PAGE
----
22 Oct 2018

The science team’s summer of flying ended in September with approximately 10.5km² of surveyed moorland under our belt. Data has been collected from our field labs, which are specially identified areas that have received conservation works, or have certain characteristics such as being dominated by purple moor grass.  

Dave and Tia flying the UAV

Monitoring at these field laboratories involves traditional survey methods including vegetation, water flow, water table and peat accumulation/erosion monitoring. In March 2019, treatments including sphagnum planting and gully blocking will take place. All this work is being carried out as part of the MoorLIFE2020 project.

Each field lab is approximately one hectare in size, but the UAV can fly up to 50 hectares in one flight so our scientists have been able to survey the 50 hectares surrounding each lab. Each lab has been ‘flown’ three times to collect three different types of images: high resolution images, multi-spectral images (where different vegetation types appear as certain colours on a computer when viewed in the different spectral bands) , and thermal images which we may be able to decipher surface wetness from, indicating the water level on the moors.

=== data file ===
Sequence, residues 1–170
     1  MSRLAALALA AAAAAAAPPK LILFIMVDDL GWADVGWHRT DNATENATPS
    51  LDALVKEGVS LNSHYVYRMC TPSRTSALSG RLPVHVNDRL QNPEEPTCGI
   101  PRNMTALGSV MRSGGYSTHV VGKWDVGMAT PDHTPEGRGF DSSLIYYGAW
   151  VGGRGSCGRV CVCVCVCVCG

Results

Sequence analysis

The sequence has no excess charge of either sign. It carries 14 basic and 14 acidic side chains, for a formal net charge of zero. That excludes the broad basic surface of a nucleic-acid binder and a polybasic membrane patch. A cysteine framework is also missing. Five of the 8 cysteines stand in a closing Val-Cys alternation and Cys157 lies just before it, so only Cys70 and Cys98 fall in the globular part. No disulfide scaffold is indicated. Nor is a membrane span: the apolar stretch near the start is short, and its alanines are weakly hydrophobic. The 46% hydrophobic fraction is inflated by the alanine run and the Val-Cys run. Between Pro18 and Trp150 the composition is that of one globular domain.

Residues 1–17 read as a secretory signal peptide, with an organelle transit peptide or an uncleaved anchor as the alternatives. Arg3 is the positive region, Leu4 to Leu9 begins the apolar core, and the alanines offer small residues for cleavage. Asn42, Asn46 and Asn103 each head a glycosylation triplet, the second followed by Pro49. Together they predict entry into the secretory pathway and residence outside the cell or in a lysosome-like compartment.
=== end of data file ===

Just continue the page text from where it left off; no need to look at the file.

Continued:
The photos have to be stitched together and geo-referenced with special software, so that we know exactly which photo is which bit of moorland. This is helped by the fact that our GPS is accurate to 2cm! The photos will then be sent to Nottingham Trent University for a comprehensive data analysis. Because this is the first year of flying, baseline data will be collected and used as the starting point to compare any changes in the vegetation cover.

Over the coming winter, the field labs will receive differing types and densities of sphagnum planting.  In an innovative experiment, 11 different species of sphagnum will be planted in certain areas. The species and locations of these sphagnum samples will provide training data for the computer software. It is hoped that when the UAV flies next summer, it will be able to tell which species of sphagnum it is looking at!